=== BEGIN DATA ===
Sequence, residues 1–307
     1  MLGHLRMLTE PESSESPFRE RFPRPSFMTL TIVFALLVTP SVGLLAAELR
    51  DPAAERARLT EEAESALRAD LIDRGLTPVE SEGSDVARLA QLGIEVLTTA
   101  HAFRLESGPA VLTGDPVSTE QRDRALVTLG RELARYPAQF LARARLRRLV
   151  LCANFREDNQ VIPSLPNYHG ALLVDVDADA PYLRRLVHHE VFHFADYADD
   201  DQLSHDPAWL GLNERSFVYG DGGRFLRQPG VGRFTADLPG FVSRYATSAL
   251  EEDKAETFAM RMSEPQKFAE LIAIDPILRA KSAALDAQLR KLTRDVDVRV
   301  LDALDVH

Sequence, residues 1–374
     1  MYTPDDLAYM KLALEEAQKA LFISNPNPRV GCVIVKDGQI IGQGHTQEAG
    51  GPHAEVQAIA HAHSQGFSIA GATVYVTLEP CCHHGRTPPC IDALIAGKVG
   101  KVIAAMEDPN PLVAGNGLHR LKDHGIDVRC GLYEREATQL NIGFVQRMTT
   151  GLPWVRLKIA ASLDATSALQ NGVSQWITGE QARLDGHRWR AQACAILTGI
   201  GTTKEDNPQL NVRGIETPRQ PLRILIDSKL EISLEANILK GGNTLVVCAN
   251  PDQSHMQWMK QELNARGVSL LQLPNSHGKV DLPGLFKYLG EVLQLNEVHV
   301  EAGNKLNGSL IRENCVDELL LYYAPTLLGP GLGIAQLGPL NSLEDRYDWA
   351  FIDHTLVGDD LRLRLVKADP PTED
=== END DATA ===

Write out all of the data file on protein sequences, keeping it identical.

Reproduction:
Sequence, residues 1–307
     1  MLGHLRMLTE PESSESPFRE RFPRPSFMTL TIVFALLVTP SVGLLAAELR
    51  DPAAERARLT EEAESALRAD LIDRGLTPVE SEGSDVARLA QLGIEVLTTA
   101  HAFRLESGPA VLTGDPVSTE QRDRALVTLG RELARYPAQF LARARLRRLV
   151  LCANFREDNQ VIPSLPNYHG ALLVDVDADA PYLRRLVHHE VFHFADYADD
   201  DQLSHDPAWL GLNERSFVYG DGGRFLRQPG VGRFTADLPG FVSRYATSAL
   251  EEDKAETFAM RMSEPQKFAE LIAIDPILRA KSAALDAQLR KLTRDVDVRV
   301  LDALDVH

Sequence, residues 1–374
     1  MYTPDDLAYM KLALEEAQKA LFISNPNPRV GCVIVKDGQI IGQGHTQEAG
    51  GPHAEVQAIA HAHSQGFSIA GATVYVTLEP CCHHGRTPPC IDALIAGKVG
   101  KVIAAMEDPN PLVAGNGLHR LKDHGIDVRC GLYEREATQL NIGFVQRMTT
   151  GLPWVRLKIA ASLDATSALQ NGVSQWITGE QARLDGHRWR AQACAILTGI
   201  GTTKEDNPQL NVRGIETPRQ PLRILIDSKL EISLEANILK GGNTLVVCAN
   251  PDQSHMQWMK QELNARGVSL LQLPNSHGKV DLPGLFKYLG EVLQLNEVHV
   301  EAGNKLNGSL IRENCVDELL LYYAPTLLGP GLGIAQLGPL NSLEDRYDWA
   351  FIDHTLVGDD LRLRLVKADP PTED